The United Nations defines violence against women as "any act of gender-based violence that results in, or is likely to result in, physical, sexual, or mental harm or suffering to women, including threats of such acts, coercion or arbitrary deprivation of liberty, whether occurring in public or in private life."
Intimate partner violence refers to behavior by an intimate partner or ex-partner that causes physical, sexual or psychological harm, including physical aggression, sexual coercion, psychological abuse, and controlling behaviors.
Sexual violence is "any sexual act, attempt to obtain a sexual act, or other act directed against a person’s sexuality using coercion, by any person regardless of their relationship to the victim, in any setting. It includes rape, defined as the physically forced or otherwise coerced penetration of the vulva or anus with a penis, another body part, or object."
- Violence against women – particularly intimate partner violence and sexual violence – is a major public health problem and a violation of women's human rights. Violence negatively affects women’s physical, mental, sexual, and reproductive health.
- Estimates published by WHO indicate that about 1 in 3 women in the Americas have experienced either physical and/or sexual intimate partner violence or non-partner sexual violence in their lifetime.
- Intimate partner violence is the most common form of violence against women. Globally, as many as 38% of murders of women are committed by a male intimate partner.
- Men are more likely to perpetrate violence if they have low education, a history of child maltreatment, exposure to domestic violence against their mothers, harmful use of alcohol, unequal gender norms including attitudes accepting of violence, and a sense of entitlement over women.
- Women are more likely to experience intimate partner violence if they have low education, exposure to mothers being abused by a partner, abuse during childhood, and attitudes accepting violence, male privilege, and women’s subordinate status.
- Situations of conflict, post-conflict and displacement may exacerbate existing violence, such as by intimate partners, as well as and non-partner sexual violence, and may also lead to new forms of violence against women.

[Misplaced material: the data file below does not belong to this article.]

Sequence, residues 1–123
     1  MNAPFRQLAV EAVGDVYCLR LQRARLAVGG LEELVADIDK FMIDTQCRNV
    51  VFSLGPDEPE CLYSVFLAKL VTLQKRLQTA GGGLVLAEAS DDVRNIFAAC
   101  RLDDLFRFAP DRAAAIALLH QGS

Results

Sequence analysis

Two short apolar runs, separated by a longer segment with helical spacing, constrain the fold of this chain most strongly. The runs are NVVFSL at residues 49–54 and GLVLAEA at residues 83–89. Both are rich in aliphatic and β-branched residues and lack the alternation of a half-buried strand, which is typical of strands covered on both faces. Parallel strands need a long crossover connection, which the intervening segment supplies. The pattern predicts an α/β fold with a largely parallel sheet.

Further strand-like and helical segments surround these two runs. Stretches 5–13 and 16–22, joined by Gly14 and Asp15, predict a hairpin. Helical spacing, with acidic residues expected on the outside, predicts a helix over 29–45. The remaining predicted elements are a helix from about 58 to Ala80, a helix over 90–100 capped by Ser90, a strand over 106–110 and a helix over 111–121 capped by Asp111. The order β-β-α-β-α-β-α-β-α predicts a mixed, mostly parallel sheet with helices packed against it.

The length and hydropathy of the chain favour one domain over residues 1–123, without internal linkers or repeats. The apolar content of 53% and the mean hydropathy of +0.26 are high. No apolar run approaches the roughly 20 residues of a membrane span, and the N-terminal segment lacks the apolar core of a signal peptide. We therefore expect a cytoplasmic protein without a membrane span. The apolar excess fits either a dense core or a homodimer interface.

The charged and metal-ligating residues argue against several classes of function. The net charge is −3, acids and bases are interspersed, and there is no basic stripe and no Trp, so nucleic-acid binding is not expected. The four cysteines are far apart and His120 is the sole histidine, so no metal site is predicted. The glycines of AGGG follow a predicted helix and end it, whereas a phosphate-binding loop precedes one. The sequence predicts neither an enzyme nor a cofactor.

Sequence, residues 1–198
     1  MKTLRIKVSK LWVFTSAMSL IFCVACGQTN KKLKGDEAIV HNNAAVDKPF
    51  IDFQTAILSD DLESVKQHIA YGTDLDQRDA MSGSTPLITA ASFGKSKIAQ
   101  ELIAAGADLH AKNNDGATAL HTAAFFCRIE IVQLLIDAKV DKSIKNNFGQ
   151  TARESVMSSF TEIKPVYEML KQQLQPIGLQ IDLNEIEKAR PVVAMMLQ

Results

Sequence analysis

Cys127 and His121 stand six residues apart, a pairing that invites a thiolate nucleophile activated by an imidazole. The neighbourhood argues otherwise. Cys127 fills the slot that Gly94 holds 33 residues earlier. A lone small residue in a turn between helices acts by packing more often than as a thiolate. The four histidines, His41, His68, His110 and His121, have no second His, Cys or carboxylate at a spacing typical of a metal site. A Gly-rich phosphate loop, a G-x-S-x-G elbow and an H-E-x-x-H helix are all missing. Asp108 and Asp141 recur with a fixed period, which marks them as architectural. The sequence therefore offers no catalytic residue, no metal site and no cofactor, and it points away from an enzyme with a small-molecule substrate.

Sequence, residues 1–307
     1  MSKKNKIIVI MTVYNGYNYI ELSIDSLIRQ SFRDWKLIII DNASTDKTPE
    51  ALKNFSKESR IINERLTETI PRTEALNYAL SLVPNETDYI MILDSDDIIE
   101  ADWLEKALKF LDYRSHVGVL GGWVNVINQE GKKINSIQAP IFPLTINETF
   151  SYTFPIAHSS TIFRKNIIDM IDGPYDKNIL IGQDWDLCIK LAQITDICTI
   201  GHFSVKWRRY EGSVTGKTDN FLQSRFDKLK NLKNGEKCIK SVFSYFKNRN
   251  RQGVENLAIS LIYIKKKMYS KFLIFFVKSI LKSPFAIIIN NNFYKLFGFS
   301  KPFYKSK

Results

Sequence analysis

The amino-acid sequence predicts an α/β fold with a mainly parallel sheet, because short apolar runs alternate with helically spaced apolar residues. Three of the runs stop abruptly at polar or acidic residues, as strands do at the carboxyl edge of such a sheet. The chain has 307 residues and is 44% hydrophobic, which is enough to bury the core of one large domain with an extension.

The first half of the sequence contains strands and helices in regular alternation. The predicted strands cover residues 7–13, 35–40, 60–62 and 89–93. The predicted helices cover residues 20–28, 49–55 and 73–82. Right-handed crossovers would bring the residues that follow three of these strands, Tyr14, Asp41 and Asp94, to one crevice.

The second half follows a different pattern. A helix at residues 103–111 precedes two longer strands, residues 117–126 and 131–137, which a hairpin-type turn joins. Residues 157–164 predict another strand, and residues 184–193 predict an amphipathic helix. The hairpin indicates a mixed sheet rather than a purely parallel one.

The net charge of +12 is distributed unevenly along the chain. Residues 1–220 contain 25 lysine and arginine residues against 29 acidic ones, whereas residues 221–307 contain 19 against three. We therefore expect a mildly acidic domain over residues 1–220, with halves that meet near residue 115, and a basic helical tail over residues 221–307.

Violence is preventable
The health sector can play a vital role in responding to and preventing violence against women and girls. This role includes helping to identify abuse early, providing survivors with care and support, and referring women to appropriate and informed services within and outside the health system.
The health sector must also work in collaboration with other sectors and stakeholders to prevent violence from ever taking place. And as the public health approach to prevention clearly stipulates, the first step in preventing violence is to understand it and the health sector has a key role in helping us to measure and understand violence against women.
PAHO/WHO has a long history of working to improve prevention and response to violence against women and girls.
Below are four priority areas for violence prevention in the region:
- Improving the scope, quality, dissemination, and use of data on violence against women and girls for evidence-based policy and programming.
- Strengthening capacity for preventing violence against women and girls.
- Improving the health sector response to violence against women and girls.
- Supporting the development and revision of national policies and plans on violence prevention and response including specific policies and plans for addressing violence against women and girls.